"Radio-phone" just didn't stick

A big secret that the cell phone companies have been keeping from the world is that a cell phone is nothing more than a radio. It is a complex radio, but still a radio. In order to really understand the way a cell phone works, we must discuss some of the cell phones history for just a moment.

Back around the early 1950s', cell phones were really only used in automobiles. But these mobile-radio-phones were about as common as cruise control in post World War II cars. They were literally like driving around with an entire telephone company in one's car. And to make things worse, they only worked in cities.

In select urban areas, there were large, central antennas that were specifically allocated for these radio-phones. Each car that had a radio-phone required a big antenna that could transmit at least 40 or 50 miles. Since radio technology itself was only in the building phase, only about 25 channels were available for private use. So basically only 25 people could be talking on their radio-phones at the same time.

And in cities like New York and San Francisco, this was a problem. For there were more than just 25 people who had radio-phones in their cars.

The Cell Approach

The solution to this problem was to divide each city up into small divisions, or "cells". The technology behind cells have changed dramatically over the years, just as cell phones have, but now most standard cells are about 10 square miles large. They are usually in the shape of a hexagon. Nowadays, every individual cell has its own base station, rather than only one for an entire city.

And now cell phones are made to be low-power transmitters (either 0.3 watts or 6 watts), which is much lower wattage than in past decades. This means that the same frequency can be used in the same city, at the same time, but in different cells.

Look at the diagram below to get a visual picture of how city is divided into cells. The yellow cells are transmitting at the same frequency.

how a cell phone carrier controls the frequency

Think of it like an ice cube tray. The cell phone transmitting towers don't spill their transmissions that far out of their own cells. They may spill slightly into the most adjacent cells, but not into cells more than one cell away. Usually each separate carrier, (Verizon, AT&T, Cingular, etc) have their own control office in each major urban area called the Mobile Telephone Switching Office (MTSO). This is where they control their respective towers. This office also connects all of the cell-phone calls to the land-line phones.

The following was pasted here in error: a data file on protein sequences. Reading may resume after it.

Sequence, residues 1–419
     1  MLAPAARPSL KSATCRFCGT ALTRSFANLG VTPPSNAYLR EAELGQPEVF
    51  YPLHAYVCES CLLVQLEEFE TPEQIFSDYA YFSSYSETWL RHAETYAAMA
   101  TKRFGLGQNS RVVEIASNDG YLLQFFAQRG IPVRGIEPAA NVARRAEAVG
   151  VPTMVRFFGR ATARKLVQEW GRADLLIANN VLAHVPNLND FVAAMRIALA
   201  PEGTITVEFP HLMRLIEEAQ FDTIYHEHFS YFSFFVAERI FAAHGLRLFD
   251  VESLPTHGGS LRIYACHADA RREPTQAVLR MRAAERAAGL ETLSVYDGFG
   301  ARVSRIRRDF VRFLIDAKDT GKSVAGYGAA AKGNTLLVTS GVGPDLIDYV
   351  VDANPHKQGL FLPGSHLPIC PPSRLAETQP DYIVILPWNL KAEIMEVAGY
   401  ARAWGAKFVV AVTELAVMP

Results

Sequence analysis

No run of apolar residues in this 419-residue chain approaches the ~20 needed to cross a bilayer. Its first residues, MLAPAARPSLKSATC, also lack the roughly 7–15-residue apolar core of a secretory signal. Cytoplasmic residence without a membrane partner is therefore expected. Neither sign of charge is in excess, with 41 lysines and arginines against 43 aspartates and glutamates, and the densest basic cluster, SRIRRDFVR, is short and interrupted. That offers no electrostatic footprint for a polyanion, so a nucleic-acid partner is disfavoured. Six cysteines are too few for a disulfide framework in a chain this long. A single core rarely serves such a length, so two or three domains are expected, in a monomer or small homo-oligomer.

But what happens when one moves from cell to cell?

Relax, this was all taken into consideration. Each modern cell phone (meaning it was created in the last 20 years or so) has special codes programmed into them.

The most important code is the system identification code or the (SID). It's a five digit code that the FCC gives to each different cell phone carrier. When a cell phone is turned on, whether it's making a call or not, it's picking up the SID that is being transmitted from the closest cell phone tower. The phone's personal carrier is also transmitting its SID to the phone on specific channels that the phone programmed to listen for.

But if it can't pick any of them up, the dreaded "NO SERVICE" message appears on the display. However, when the carrier can pick up the phone, you're in luck. It's connected!

Once You're Connected

Now that the phone is connected, calls can be sent and received. In addition to the SID being sent back and forth between phones and towers, there is a registration signal that is also being sent. This is so the carrier's MTSO always knows where its customers are, should someone dial their phone. When someone calls a cell phone, the MTSO finds where the phone is at and connects to it by finding a common frequency, in the cell, that the phone is in. It verifies the SID number and then, your girlfriend can finally ask you "What are you doing?"

When in Roaming

When a cell phone is not found on its carrier's MTSO, it may still be close enough to a different carrier's tower that can use the same channels (most of them can). The cell phone realizes that it is connecting to a different SID (meaning its carrier has no towers in the area or that none of them are on local network) that means the phone is, gulp, roaming. But this is most important when you are moving from cell to cell, such as when you are ridding in car. The tower notices that your signal is dying as you move to the boarder of its cell. In the same instance the tower in the cell you are traveling to realizes that the signal is getting stronger. With a little help from the MTSO, the two towers switch call to a different frequency in just milliseconds. And VOLIA, you can keep talking! In the Cell phone business this is called a hand-off.

 

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Copyright © 2004 Robert D. Keith All rights reserved